From time to time the Borough Council had called on his services on a consultancy basis, with the County Council's approval. The Borough Council also paid some nominal fees to the County to cover several Bylaw services (I think in the order of 50 pounds p.a.).

By now (1959), the Borough Council had listed a number of streets in the town, they required to be brought up to a reasonable standard and sealed. They could not pay for this out of revenue, so a loan had to be applied for. The County Engineer compiled a schedule of work, an estimate and a loan proposal for 60,000 pounds ($120,000). This was approved by the loans board, subject to supervision by a qualified Engineer (for which the County Engineer was not available).

So the Borough Council advertised for such a person and I applied, after Anne and I had gone over in the car from Te Aroha to look the place over and liked the general look of it. Lots of mature trees, a green hill in the middle of town (Martha Hill), and what looked like the ruins of an old church on the side of it (actually, the old Pumphouse from the mine). To get a section (if available), on the North West side of the hill to build a house on looked to us an ideal location. How innocent were we?!!! It should be noted that at the time there was no local information centre, nor did the Mining Museum exist, to enlighten us.

I applied with some apprehension, as I by myself would be the whole of the "Engineering Department", and I had no municipal engineering experience. The salary offered was half of what I had been earning overseas. But everything else fitted our wishes. A small town, close to a beach, near enough to the larger cities and in the Northern half of the North Island.

The whole Council interviewed me, mainly elderly citizens, with Chris Christensen as Mayor. One of the requirements I had to meet was to become "registered", as an Engineer. This meant submitting some reports and drawings of work carried out under a registered engineer, a C.V, and attending subsequently what was called a "professional interview" (P.I.), consisting of a verbal interview by a panel of senior engineers and a written "report" about an engineering problem put to you by the panel.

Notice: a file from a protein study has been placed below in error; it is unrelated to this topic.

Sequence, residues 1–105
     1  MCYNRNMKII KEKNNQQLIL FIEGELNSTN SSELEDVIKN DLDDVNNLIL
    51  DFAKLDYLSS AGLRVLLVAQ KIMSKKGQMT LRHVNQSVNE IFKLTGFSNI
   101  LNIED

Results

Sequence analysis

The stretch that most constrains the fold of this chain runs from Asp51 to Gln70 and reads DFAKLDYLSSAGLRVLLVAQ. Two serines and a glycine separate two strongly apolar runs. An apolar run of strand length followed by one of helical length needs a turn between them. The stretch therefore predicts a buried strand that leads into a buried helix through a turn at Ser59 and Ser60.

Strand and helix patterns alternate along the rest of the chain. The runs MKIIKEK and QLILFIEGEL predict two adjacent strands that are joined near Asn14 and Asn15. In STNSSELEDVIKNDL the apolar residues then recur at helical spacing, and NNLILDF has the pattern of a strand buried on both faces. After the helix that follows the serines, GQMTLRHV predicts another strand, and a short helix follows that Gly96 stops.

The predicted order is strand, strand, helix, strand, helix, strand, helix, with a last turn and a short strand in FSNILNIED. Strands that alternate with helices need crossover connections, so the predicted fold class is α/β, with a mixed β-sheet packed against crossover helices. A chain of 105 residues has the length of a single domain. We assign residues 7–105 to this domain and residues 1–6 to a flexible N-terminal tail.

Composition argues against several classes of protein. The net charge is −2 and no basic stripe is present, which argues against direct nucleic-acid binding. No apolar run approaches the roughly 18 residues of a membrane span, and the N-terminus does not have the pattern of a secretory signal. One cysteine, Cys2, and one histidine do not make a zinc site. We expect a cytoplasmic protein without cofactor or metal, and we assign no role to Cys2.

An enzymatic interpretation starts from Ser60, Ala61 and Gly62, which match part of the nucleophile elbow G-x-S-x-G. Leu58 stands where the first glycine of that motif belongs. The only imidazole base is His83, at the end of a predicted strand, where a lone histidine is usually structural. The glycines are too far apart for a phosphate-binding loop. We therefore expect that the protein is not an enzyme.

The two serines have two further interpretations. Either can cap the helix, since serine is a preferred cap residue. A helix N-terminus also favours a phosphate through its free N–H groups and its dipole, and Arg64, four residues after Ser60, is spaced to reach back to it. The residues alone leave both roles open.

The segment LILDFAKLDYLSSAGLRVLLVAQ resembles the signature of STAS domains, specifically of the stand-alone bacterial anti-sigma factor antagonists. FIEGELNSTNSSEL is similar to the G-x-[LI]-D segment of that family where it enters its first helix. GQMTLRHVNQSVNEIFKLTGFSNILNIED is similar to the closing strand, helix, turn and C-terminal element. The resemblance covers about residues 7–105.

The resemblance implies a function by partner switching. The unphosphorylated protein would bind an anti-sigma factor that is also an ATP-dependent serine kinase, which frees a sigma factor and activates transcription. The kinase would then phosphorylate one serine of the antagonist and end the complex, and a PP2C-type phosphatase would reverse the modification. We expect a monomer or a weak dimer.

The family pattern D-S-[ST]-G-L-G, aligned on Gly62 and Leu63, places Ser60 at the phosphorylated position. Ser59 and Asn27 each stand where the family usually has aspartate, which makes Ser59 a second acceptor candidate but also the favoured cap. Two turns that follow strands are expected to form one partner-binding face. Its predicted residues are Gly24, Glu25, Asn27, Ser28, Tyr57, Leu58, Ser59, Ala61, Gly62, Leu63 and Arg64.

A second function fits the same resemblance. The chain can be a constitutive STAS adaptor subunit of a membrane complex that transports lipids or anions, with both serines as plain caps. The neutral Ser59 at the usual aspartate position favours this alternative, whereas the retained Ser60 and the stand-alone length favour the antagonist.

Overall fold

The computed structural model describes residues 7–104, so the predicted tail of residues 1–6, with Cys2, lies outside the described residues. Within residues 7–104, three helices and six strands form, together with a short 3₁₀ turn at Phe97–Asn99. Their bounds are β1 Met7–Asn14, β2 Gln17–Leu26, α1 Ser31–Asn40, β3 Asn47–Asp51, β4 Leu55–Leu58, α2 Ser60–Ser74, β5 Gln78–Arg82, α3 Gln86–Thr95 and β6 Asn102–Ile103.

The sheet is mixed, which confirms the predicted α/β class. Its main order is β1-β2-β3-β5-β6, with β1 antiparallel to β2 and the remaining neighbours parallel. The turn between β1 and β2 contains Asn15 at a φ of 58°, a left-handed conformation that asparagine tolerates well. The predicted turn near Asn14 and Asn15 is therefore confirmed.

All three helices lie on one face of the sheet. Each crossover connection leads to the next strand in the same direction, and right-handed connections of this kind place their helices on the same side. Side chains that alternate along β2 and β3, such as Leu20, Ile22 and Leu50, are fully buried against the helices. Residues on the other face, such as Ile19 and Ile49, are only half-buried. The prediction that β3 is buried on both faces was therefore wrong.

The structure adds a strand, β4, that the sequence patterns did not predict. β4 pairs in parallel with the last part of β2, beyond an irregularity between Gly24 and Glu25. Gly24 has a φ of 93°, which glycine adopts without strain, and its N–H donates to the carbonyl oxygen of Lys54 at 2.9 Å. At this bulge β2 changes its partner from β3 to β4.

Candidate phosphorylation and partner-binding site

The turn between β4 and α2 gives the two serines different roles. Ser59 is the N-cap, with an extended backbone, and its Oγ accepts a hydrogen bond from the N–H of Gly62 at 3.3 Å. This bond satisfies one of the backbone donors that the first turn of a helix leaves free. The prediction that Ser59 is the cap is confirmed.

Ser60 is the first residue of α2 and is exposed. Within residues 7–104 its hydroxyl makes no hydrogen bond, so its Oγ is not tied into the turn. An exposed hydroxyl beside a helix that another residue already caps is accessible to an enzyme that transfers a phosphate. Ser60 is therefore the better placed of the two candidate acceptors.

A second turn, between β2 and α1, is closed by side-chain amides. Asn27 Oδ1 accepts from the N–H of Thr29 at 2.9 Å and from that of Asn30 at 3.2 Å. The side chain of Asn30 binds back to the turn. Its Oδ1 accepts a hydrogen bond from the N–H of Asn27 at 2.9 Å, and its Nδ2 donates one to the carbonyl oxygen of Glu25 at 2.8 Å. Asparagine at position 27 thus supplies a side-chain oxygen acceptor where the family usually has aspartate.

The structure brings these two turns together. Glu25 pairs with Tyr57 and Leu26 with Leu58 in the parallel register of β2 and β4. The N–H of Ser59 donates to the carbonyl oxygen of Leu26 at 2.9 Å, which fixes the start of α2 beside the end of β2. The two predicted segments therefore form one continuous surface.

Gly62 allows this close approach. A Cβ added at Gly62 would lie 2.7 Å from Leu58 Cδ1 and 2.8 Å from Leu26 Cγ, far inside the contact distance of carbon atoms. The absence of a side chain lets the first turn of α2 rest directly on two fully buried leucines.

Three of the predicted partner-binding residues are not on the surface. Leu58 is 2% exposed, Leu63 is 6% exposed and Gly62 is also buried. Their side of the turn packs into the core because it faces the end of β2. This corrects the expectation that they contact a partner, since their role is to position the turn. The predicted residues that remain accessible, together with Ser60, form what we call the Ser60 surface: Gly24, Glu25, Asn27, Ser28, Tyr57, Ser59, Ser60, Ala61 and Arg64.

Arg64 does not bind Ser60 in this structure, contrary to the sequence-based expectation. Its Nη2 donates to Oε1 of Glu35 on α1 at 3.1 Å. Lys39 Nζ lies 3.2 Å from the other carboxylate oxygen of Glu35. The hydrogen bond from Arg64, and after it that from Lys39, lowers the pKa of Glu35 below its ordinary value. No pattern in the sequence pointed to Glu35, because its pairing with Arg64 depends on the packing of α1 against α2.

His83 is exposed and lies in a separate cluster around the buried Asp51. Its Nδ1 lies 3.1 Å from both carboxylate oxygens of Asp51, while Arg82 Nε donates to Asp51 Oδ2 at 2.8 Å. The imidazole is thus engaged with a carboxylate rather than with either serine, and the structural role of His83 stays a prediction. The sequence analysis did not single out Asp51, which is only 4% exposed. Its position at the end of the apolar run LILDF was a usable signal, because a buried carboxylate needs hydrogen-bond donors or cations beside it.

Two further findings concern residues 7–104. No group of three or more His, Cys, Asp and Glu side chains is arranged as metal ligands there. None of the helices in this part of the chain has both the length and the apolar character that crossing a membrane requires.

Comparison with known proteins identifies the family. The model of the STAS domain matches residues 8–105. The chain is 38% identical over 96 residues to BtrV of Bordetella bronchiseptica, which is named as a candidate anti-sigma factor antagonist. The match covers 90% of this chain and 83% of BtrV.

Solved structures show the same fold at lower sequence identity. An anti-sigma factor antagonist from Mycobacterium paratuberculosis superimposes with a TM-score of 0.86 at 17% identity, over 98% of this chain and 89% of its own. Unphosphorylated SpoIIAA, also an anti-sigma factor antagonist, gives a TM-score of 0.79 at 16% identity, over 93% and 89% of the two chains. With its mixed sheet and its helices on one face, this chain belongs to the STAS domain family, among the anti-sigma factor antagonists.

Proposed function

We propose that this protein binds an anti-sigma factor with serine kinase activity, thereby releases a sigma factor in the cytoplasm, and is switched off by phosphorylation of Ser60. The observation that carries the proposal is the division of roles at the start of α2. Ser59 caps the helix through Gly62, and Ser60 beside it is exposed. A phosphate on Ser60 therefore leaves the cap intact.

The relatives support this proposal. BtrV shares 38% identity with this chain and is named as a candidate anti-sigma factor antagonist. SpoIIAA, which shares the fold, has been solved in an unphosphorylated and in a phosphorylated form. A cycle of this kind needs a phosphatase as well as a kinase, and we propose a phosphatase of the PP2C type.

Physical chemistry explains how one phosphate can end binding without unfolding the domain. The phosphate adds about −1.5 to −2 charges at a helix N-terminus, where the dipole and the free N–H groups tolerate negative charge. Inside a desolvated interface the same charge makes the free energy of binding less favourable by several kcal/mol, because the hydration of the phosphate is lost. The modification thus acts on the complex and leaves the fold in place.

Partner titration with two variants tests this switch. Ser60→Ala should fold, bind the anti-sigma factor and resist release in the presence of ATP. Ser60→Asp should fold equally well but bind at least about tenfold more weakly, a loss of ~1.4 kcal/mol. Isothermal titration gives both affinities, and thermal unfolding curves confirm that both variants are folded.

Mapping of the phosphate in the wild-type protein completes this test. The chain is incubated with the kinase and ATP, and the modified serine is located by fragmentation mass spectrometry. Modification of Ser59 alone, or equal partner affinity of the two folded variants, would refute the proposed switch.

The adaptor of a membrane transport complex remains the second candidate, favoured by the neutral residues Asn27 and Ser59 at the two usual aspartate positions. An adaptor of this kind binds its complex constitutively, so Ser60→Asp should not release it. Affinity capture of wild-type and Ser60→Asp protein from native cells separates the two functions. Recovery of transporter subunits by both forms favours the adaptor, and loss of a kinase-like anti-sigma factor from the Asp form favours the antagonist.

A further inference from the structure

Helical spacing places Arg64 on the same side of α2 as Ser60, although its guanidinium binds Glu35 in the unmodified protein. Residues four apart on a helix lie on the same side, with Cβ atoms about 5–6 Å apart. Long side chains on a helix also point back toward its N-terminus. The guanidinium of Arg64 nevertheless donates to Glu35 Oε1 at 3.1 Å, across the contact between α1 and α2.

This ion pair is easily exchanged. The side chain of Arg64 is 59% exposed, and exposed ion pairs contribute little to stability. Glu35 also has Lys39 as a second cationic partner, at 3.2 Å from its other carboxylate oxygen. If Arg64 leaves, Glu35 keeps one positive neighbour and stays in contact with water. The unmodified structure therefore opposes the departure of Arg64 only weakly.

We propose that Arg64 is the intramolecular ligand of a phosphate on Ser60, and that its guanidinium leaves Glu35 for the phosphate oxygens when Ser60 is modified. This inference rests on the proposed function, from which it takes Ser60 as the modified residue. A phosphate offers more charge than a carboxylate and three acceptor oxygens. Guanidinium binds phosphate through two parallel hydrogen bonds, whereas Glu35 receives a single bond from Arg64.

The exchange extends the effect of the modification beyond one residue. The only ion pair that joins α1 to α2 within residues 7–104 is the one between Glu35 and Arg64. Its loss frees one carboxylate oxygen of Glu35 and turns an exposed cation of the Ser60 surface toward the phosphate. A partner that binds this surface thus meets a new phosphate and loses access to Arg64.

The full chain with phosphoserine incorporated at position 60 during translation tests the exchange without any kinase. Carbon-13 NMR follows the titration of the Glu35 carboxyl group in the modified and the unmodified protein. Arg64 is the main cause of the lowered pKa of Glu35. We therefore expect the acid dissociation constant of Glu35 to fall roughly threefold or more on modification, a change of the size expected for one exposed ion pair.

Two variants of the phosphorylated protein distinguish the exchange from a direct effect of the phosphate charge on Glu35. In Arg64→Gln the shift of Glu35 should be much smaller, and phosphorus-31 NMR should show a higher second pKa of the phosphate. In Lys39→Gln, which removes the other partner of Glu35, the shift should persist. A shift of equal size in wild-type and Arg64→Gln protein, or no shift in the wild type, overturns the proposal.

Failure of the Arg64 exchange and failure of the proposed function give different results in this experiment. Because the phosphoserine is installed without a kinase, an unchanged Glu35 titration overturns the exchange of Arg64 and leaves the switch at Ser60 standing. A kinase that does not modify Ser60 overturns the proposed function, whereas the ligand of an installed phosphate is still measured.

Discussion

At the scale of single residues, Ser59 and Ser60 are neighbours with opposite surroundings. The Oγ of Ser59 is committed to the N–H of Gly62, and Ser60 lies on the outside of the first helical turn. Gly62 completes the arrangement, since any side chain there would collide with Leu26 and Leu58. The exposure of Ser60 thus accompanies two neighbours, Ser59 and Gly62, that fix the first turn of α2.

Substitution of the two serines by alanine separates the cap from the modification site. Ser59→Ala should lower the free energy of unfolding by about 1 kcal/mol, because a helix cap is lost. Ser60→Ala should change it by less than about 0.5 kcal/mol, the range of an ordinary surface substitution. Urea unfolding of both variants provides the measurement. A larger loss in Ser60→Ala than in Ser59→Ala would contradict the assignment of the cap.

The earliest an application could be made for the P.I. was after three years experience, following university. By now I had eight years experience, but had to fall back on my earlier New Zealand work period. All the material submitted had to be signed by the applicable engineer, I had worked under at the time.

I managed to get all this together, attended my P.I. in Wellington and became registered in May 1963. I don't recall anything about the verbal part, but clearly recall the written part. The question was: As Borough Engineer you are to report to Council on a water supply development for the Borough, and outline the "pros and cons" of a gravity supply from a hill catchment or a pumped supply from a river". How appropriate, that this became one of my biggest "battles" with Council, later in my career. From here on I will have to skip some of the minor details and stick to the highlights or I will not finish this tale of mine.